- Amazon recently "banned" authors from reviewing books in their own "genres". Naturally, there's a backlash. What the problem really points out, more than anything else, is the idiocy of "genre" as a measure of anything. First, consider the "occasional" writer; does this policy mean that Harlan Ellison would be forever banned from writing a review of a mystery, simply because he wrote a handful (not to mention his early street-life-in-New-York works)? What about pseudonymous works? Etc., etc., etc.
Second, and more disturbingly, who gets to define those categories? If one uses Margaret Atwood's definitions, it's not science fiction without space-borne talking squid and/or rocketships... meaning that neither 1984 nor The Left Hand of Darkness is science fiction. If we go by imprint, that means that The Sparrow and Children of God don't qualify as science fiction... and Dr Russell has been writing exclusively in other "genres" since the mid-1990s anyway.
No, this is about "marketing integrity and reliability." Leaving aside for the moment that the very concept of integrity or reliability in marketing is an oxymoron of the class "honest politician" and "civil war," the obvious target of the policy is sockpuppetry and circle-jerk reviewing. The problem is not suppression of the objective (which is easily managed through use of pseudonyms, particularly if an author writes under a pseudonym), but that the policy is the equivalent of banning the sale of permanent felt-tip markers because there's a graffiti problem in some public restrooms. I've come to expect precisely that kind of overreaction and mistargetted "solution" from "numbers-driven" marketing gurus.
- Then there's the recent fall in "rom-com" box office results. Yes, there's a strong relationship to the preceding item: The dominance of post hoc marketing strategies over content... and the corollary consequences when those post hoc marketing strategies begin to determine content. Dammit, where are those talking space squid? We can't sell a science-fiction novel without space squid! (Substitute "meet cute" for "space squid" and you'll see what I mean.)
- All of which leads into some truly late-breaking musings on why statistical analysis of book buying might stifle future authors. Leaving aside the complete misunderstanding of what authors are (no author is a professional — there are no licensing requirements, no regulation, no minimum standards of competence, no minimum educational standards, and entry to the field is not judged solely by current licensed practitioners in the field), and leaving aside the undisclosed conflict of interest (ownership of the G&M by the most-evil and least-author-friendly niche-monopolist publishing empire in the Western Hemisphere... that has more than once demanded substantive changes in scholarly works to blunt criticism), the article itself is so internally inconsistent that I don't know where to begin. Nonetheless, because it's in the G&M, it's going to be given serious consideration. Then again, any author who has been forced to adopt a pseudonym over the last half-century because he/she had previously written too many books whose sales did not meet expectations already knows this!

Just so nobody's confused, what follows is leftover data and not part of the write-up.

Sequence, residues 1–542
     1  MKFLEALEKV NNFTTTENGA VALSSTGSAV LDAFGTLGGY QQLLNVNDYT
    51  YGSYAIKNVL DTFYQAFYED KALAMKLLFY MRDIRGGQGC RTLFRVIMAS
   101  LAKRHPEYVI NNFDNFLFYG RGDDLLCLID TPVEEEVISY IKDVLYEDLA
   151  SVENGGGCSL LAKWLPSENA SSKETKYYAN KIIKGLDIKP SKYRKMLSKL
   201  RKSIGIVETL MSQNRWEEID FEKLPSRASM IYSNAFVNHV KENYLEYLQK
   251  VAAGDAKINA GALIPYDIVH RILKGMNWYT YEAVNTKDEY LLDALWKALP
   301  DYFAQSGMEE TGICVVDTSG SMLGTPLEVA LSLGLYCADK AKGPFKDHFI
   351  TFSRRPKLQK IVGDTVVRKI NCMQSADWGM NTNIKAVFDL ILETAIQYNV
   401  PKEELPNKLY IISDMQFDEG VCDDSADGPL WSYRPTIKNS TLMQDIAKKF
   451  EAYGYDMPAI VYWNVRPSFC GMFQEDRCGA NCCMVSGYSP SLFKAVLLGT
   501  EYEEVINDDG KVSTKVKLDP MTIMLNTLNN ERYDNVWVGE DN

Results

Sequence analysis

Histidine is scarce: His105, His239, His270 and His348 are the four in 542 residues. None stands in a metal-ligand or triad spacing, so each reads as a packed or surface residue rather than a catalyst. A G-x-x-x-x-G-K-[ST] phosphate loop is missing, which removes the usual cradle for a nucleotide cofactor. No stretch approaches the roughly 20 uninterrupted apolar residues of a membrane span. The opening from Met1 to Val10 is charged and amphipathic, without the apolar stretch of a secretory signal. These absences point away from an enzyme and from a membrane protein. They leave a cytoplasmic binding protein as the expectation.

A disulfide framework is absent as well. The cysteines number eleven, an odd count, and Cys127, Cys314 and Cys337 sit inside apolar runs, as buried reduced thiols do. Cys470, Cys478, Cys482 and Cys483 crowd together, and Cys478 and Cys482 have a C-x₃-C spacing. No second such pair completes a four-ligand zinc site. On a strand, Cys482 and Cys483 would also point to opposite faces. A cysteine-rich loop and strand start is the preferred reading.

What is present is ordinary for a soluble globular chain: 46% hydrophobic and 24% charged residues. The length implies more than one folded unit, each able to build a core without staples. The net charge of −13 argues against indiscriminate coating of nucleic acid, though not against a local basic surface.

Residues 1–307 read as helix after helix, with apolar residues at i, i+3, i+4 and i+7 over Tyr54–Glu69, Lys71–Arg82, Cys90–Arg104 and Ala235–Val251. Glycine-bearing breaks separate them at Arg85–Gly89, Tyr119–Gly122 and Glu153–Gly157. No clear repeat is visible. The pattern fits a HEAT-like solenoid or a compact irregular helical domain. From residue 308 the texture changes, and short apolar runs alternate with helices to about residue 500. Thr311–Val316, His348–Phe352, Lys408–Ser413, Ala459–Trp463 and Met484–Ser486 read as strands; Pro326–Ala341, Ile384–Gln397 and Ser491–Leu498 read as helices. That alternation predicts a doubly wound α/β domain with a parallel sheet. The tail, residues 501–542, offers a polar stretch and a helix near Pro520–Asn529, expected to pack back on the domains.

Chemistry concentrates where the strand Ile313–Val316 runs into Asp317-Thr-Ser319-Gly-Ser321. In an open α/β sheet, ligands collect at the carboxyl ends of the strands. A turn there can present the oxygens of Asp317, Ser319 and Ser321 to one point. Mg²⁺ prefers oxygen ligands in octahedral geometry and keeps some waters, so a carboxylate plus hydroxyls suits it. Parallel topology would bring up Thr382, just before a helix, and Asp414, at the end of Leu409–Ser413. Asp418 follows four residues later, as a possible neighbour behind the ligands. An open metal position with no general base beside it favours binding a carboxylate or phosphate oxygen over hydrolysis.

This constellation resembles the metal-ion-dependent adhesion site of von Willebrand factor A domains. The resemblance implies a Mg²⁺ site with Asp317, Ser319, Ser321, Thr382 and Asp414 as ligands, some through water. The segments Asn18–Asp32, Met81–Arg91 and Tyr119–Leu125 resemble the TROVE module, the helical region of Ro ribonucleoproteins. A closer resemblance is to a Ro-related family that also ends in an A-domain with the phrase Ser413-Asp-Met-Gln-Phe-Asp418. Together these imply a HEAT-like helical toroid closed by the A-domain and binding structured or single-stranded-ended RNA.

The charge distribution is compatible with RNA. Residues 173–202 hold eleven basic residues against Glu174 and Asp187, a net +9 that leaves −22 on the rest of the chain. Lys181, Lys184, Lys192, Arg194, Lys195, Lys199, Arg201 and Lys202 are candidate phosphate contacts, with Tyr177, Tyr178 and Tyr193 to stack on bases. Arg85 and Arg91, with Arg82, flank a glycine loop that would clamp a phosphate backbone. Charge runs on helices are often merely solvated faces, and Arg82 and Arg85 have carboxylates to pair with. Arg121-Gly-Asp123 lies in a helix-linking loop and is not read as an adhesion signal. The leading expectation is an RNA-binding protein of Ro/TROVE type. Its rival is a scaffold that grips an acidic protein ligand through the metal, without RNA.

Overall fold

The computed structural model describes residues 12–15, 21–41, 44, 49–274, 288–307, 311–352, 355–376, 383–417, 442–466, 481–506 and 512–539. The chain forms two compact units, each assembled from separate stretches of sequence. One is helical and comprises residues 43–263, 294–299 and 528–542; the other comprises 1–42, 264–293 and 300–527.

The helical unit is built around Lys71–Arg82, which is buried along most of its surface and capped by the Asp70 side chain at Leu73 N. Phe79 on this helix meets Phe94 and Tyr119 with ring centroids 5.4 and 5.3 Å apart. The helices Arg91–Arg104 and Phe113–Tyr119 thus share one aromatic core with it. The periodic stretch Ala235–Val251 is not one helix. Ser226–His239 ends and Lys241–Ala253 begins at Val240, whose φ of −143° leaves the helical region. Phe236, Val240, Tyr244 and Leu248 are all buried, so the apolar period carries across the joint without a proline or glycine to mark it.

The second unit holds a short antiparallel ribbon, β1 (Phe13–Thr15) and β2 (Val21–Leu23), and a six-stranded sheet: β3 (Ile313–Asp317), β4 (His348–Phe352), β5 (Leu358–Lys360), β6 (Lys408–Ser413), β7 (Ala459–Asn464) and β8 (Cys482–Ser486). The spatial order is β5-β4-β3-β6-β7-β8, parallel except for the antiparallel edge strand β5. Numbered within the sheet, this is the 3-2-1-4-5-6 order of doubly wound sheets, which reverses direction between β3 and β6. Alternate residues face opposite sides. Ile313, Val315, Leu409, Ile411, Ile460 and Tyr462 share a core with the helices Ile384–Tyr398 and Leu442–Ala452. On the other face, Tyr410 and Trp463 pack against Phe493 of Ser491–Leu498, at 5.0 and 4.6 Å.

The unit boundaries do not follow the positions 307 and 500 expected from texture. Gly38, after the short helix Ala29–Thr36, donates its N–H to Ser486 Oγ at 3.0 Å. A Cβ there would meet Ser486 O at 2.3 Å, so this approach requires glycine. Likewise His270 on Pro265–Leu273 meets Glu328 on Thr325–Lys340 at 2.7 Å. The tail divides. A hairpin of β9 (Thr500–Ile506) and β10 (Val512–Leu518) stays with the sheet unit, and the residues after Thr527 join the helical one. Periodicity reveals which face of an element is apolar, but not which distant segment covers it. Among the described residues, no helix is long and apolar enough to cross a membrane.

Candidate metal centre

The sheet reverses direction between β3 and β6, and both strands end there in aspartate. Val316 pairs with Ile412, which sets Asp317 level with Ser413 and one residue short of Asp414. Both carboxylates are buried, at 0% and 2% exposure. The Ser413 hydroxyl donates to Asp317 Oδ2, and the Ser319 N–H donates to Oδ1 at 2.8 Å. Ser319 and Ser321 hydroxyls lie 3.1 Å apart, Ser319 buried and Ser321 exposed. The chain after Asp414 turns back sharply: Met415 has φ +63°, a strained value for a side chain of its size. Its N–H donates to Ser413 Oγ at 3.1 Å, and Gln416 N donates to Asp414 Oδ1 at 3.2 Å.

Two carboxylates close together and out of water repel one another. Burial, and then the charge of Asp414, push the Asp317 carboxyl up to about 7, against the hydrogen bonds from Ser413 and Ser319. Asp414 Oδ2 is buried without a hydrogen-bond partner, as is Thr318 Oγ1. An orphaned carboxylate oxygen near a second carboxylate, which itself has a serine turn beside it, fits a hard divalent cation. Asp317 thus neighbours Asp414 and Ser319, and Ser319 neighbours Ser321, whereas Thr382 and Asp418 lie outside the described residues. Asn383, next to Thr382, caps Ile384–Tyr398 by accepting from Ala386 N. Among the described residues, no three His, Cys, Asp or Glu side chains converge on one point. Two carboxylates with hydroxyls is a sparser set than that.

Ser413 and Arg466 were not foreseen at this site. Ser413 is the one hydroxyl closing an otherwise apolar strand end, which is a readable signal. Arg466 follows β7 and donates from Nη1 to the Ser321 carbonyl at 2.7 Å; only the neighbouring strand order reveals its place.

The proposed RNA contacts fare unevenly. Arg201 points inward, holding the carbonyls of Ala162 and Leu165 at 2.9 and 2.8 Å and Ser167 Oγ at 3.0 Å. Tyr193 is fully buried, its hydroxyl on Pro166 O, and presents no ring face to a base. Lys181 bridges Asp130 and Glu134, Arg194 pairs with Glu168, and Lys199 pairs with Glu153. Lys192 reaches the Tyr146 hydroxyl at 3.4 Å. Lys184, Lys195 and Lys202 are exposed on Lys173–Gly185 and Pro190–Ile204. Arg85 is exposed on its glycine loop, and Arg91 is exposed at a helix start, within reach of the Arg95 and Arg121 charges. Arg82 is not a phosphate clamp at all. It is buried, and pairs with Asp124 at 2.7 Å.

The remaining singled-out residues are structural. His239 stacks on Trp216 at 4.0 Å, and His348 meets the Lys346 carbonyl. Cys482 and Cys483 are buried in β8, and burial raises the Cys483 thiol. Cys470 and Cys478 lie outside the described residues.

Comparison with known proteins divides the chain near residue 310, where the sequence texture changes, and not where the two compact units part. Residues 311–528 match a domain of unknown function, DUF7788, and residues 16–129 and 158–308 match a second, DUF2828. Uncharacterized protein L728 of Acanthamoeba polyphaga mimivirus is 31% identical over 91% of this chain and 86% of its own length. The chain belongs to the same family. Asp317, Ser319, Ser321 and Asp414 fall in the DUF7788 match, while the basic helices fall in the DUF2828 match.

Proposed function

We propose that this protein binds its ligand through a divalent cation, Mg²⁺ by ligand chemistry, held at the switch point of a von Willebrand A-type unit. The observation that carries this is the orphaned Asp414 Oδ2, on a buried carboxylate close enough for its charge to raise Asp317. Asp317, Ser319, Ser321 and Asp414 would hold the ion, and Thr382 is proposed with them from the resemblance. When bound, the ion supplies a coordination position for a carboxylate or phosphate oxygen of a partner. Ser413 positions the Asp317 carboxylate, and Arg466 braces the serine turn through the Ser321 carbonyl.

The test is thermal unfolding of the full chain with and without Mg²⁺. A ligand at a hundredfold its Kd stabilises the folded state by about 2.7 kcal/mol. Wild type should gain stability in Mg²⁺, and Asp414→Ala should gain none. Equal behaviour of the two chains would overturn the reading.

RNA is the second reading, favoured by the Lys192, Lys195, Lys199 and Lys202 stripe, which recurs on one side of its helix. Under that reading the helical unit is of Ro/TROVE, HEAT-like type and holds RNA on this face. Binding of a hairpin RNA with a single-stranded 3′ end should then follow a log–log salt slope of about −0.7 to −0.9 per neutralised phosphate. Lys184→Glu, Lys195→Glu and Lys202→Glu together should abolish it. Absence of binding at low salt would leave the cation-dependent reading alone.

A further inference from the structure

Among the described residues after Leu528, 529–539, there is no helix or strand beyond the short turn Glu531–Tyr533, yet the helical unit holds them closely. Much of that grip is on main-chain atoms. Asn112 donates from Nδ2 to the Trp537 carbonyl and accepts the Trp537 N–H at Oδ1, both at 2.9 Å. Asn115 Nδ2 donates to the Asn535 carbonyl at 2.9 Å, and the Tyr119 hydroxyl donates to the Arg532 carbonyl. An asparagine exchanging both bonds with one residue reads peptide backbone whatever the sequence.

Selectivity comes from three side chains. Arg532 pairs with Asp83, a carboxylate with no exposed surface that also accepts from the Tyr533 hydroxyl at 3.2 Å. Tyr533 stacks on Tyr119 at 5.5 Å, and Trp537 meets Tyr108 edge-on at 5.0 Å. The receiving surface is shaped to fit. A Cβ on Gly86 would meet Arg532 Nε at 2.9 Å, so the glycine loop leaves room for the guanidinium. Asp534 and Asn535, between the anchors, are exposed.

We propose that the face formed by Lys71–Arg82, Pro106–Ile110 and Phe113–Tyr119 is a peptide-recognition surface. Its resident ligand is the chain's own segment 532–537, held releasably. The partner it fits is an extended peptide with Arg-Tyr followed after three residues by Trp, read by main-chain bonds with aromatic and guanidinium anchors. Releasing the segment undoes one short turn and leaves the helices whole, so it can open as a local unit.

The hidden assumption in the article — and it's a truly dangerous one — is the primacy of financial capital and initial positions in determining the proper course of business. That is, those who already have "excess capital" are entitled — as a matter of natural right — to rents on the use of that capital... even when the purpose of that use of capital is as a mechanism for a greater, noneconomic good ("to promote the advance of the useful arts and sciences..."). It is roughly the physics equivalent of ignoring all other forces and trying to explain the entire universe as a consequence of gravitational attraction! One can do so only by ignoring a helluva lot, explaining away a helluva lot, and presuming that the position as it exists at any time t is not only "just" and "correct," but the actual initial position of the universe.
- After a couple of paragraphs, a friend dumps on one of the reasons that I won't be seeing Les Miz (and I've already seen it on stage and read the novel). Sadly, it reminds me a great deal of an amusing "argument" I had with the elder remora when he was reading that book by Flaubert for a history class: We couldn't agree on whether its title should be Madame Bovine (since the female characters tended to be as passive, stupid, and unaware of things as a cow, once one got outside their momentary obsessions) or Madame Ovary (because regardless of what was — or was not — on the page, it was being interpreted as a feminist/protofeminist text with immense political ramifications). One might argue that this is strongly related to the "rom-com" problem noted above... and one would be right. To remain obstinately francophone (is there any other kind of francophone?) for a bit, Voltaire wrote an interesting little parable about how a traveller prevents a vengeful angel from destroying a "wicked" city by creating a beautiful statue from both gems and precious metals and baser materials, thereby demonstrating that it's the whole and not the individual elements of a work of art (or a people or society) that matter. That required actual attention to the materials and skill, though; and there were still those gems and precious metals as part of the materials...
31 December 2012
Last of 2012's Link Sausages
at 09:02 [UTC8]